Seven hundred and eighty-three individuals aged 65 years or older, from a total of 1918 invited elderly people, underwent an interview regarding oral health-related behaviour and a clinical oral examination including measurement of unstimulated whole saliva flow rate.
Twelve percent of the COHS was edentulous. The number of dental restorations was higher for women compared to men; however, men had more caries than women. Coronal caries was most frequent on mesial and distal surfaces and on the maxillary incisors and canines; root caries was most frequent on labial surfaces and evenly distributed within the dentition. Only 41% of all invited elderly people accepted the invitation, with old age and poor health being the primary reasons for non-participation.
The baseline values for COHS show that a substantial proportion of the participants had retained a natural dentition and that dental caries was prevalent with the anterior maxillary teeth being most affected.
Previous studies have linked smoking and alcohol consumption to a considerable disease burden and large healthcare expenditures. However, findings from studies based on individual level data are sparse and inconclusive. Our objective was to assess the association between alcohol consumption, smoking and patterns of hospitalization, defined as admission and duration of hospitalization.
The study was based on 12 698 men and women, aged 20 years or more, enrolled in the Copenhagen City Heart Study. We related smoking and alcohol to hospital admission from any cause, smoking- and alcohol-related diseases and duration of hospitalization in a two-part random effects model.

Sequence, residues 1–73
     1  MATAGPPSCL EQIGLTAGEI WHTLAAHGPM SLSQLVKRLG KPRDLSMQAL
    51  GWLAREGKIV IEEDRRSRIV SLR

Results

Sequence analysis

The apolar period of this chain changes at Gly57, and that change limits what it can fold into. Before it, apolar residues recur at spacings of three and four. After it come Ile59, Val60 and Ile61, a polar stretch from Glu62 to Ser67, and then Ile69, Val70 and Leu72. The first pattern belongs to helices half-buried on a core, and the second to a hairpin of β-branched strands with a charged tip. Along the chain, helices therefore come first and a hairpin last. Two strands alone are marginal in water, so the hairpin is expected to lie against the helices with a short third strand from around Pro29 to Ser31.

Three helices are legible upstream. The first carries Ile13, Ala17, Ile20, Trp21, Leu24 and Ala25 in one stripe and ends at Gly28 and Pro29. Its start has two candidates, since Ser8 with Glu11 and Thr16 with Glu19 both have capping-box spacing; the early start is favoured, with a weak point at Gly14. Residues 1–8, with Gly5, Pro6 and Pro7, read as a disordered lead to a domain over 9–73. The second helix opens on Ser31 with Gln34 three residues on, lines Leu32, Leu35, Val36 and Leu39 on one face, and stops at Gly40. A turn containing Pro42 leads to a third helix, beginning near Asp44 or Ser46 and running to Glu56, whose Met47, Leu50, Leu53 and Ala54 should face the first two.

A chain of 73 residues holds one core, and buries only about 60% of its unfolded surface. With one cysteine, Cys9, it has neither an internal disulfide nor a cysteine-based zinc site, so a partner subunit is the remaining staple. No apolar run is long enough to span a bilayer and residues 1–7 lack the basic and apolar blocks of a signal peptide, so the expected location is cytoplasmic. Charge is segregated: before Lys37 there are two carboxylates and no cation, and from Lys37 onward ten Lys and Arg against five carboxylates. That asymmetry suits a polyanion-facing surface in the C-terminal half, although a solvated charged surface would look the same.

Smoking status was strongly associated with admission and duration of hospitalization. For smoking-related admissions, odds ratios (OR) of 2.77 (95% CI 2.13-3.59) in men and 6.30 (95% CI 4.80-8.26) in women were observed among smokers of >20 g/day compared to never-smokers. For any admission (excl. smoking-related causes), corresponding ORs were 1.32 (95% CI 1.15-1.51) and 1.80 (95% CI 1.58-2.06), respectively. In men, a U-shaped association between alcohol consumption and risk of admission was found, both regarding any admission and admissions due to alcohol-related diseases. Alcohol was associated with alcohol-related admissions in women but not with duration of hospitalization.
Smoking was associated with increased risk of hospital admission and duration of hospitalization. A U-shaped relation was observed for alcohol consumption and risk of hospitalization in men, but no effect on duration was observed. In women, however, alcohol consumption was only vaguely associated with admission and duration of hospitalization.
Arsenic is a risk factor for several noncommunicable diseases, even at low doses. Urinary arsenic (UAs) concentration is a good biomarker for internal dose, and demographic, dietary, and lifestyle factors are proposed predictors in nonoccupationally exposed populations. However, most predictor studies are limited in terms of size and number of predictors. We investigated demographic, dietary, and lifestyle determinants of UAs concentrations in 744 postmenopausal Danish women who had UAs measurements and questionnaire data on potential predictors. UAs concentrations were determined using mass spectrometry (ICP-MS), and determinants of the concentration were investigated using univariate and multivariate regression models. We used a forward selection procedure for model optimization. In all models, fish, alcohol, and poultry intake were associated with higher UAs concentration, and tap water, fruit, potato, and dairy intake with lower concentration. A forward regression model explained 35% (R²) of the variation in concentrations. Age, smoking, education, and area of residence did not predict concentration. The results were relatively robust across sensitivity analyses. The study suggested that UAs concentration in postmenopausal women was primarily determined by dietary factors, with fish consumption showing the strongest direct association. However, the majority of variation in UAs concentration in this study population is still unexplained.